What is the “Root Cause” of College Debt?

by Prof. Mark Werwath

The College Debt Crisis is old news–old, but still relevant. The current amount of college debt in the United States is now over $1 trillion dollars. In numerical terms, that’s $1,000,000,000,000; a one followed by twelve zeroes. That is a lot of zeroes. Clearly, people are right to be concerned about the cost of education, but make no mistake, the source of the problem–or in engineering terms, the “root cause”– is not what you would think.

The obvious assumption is that students who attend more expensive colleges are burdened with more debt than those who attend less expensive schools. That explanation makes sense, but, ironically, it is not true! Take a look at the following list of the top 5 in each category:

List A: the most expensive colleges in the US                       List B: the colleges that burden their students with the most debt

        1. Columbia University                                                              1.  The University of Phoenix (online)

        2. Vassar College                                                                         2. ITT Technical Institute

        3. Trinity College                                                                        3. Kaplan University

        4. St. John’s College                                                                     4. DeVry University

        5. Connecticut College                                                                5. Ivy Tech Community College of Indiana

(For more detailed information, please click the links provided above.)

Notice that these two lists have NO point of intersection, not even one. You will notice that List A contains only world-class universities with stellar reputations for academic excellence, while List B is populated with for-profit and online colleges.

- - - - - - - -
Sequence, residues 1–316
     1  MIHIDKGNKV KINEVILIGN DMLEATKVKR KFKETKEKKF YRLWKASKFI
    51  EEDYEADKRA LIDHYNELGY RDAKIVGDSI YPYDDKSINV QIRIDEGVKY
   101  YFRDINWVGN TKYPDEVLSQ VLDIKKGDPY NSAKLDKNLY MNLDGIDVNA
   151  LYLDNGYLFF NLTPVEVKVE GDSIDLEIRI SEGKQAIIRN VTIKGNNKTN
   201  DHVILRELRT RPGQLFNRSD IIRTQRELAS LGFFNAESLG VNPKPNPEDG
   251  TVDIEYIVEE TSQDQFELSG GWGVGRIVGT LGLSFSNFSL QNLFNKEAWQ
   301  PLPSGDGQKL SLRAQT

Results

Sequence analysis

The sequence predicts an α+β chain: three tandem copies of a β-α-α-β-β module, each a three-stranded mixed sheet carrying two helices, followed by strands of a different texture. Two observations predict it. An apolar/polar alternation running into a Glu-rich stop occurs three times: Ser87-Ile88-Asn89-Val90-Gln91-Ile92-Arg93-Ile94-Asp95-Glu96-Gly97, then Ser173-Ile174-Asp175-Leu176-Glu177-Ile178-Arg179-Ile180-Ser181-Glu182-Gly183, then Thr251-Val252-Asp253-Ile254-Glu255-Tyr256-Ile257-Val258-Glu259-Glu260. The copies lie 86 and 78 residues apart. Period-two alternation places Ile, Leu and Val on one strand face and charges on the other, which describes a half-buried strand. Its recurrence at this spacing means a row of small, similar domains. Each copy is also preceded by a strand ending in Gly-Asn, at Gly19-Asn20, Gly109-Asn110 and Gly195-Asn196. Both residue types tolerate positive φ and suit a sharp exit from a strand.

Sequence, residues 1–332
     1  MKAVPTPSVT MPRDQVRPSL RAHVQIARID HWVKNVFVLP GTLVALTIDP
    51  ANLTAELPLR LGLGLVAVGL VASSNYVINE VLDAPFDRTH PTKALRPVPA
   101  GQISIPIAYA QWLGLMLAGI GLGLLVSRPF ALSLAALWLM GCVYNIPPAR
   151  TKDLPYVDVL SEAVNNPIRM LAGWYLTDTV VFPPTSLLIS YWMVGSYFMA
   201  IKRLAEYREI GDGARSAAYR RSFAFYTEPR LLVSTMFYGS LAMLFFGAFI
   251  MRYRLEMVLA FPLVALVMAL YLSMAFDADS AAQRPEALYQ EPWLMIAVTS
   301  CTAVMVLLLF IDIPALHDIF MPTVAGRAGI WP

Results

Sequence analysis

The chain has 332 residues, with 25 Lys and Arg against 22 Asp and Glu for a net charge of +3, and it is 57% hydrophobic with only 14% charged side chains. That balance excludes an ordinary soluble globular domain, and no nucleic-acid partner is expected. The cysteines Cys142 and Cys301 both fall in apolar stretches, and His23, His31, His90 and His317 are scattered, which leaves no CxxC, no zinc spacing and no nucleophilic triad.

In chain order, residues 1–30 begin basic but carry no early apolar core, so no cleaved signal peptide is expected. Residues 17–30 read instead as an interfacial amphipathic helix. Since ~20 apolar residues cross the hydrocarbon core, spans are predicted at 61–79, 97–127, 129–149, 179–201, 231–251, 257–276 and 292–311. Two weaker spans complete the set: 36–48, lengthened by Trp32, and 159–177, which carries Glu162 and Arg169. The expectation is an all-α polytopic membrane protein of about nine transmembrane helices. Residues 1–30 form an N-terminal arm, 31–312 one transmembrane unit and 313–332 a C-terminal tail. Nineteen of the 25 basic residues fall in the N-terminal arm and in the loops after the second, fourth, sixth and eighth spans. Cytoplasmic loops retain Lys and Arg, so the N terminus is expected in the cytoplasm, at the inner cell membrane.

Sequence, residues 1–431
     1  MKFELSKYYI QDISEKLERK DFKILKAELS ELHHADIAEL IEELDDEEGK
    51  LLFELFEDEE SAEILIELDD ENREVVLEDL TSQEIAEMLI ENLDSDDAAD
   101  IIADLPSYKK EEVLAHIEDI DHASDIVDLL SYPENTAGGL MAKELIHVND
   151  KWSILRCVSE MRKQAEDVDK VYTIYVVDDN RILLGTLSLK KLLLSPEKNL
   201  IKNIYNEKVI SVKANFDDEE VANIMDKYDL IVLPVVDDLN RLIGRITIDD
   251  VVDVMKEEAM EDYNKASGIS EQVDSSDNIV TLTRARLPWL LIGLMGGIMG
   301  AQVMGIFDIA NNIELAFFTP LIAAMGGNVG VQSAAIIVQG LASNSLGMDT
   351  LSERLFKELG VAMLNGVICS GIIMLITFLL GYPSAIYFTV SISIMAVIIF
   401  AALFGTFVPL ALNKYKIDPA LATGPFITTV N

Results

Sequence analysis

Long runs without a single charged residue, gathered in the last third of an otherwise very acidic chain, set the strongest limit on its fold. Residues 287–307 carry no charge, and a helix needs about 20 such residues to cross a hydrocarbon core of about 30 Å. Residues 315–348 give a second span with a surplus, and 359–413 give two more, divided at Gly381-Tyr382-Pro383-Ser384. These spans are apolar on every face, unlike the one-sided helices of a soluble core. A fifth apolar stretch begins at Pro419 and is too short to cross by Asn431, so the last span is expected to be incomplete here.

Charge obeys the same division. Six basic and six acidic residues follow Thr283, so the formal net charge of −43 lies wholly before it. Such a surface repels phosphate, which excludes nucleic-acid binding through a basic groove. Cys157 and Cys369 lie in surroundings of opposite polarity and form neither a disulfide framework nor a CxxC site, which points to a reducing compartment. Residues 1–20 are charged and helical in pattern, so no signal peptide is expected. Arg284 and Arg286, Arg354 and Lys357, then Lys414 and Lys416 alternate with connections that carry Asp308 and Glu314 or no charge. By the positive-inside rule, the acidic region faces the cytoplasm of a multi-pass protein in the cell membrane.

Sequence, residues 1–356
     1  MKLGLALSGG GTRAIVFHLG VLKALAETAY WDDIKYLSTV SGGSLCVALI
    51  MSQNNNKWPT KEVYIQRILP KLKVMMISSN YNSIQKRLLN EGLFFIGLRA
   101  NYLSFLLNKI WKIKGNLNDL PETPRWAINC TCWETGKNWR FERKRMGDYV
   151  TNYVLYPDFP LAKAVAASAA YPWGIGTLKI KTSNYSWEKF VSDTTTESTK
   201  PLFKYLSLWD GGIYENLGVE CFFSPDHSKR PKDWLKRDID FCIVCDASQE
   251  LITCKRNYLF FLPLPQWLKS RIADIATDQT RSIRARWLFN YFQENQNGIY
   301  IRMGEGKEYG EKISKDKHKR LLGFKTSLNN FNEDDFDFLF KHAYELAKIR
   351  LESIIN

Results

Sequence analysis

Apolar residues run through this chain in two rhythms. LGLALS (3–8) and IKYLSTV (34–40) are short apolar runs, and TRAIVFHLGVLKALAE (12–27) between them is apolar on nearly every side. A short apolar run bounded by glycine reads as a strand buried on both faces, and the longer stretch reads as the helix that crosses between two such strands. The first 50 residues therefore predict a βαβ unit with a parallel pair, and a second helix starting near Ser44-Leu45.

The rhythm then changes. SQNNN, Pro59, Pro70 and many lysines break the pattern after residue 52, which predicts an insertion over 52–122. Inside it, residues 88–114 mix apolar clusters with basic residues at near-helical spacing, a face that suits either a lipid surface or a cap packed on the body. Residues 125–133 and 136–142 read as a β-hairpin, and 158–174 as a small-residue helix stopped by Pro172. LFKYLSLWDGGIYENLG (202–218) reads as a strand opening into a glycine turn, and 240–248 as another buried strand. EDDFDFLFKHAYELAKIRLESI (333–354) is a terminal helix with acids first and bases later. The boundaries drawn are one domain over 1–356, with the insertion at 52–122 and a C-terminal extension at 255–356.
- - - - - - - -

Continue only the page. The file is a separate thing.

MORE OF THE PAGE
Why is there such a discrepancy between these two lists? Well,  the world-class institutions, such as Columbia University, that compose List A ensure that their domestic students who have affordability issues are provided with stipends and other similar options to help them avoid having to pay the full cost of tuition. These universities also have endowments that fund all sorts of items that other schools have to pay for out of operating income. Meanwhile, the for-profit schools such as the University of Phoenix and Kaplan University provide little financial assistance to their students, so the astronomical default rates these places boast are not surprising.

Thankfully, Northwestern University is not on either of the lists above. Like the more expensive schools, Northwestern endeavors to provide its students with viable financial aid options like stipends, scholarships, and grants, while still maintaining a lower tuition rate than the others. For more information about Northwestern’s financial aid options, please click here.

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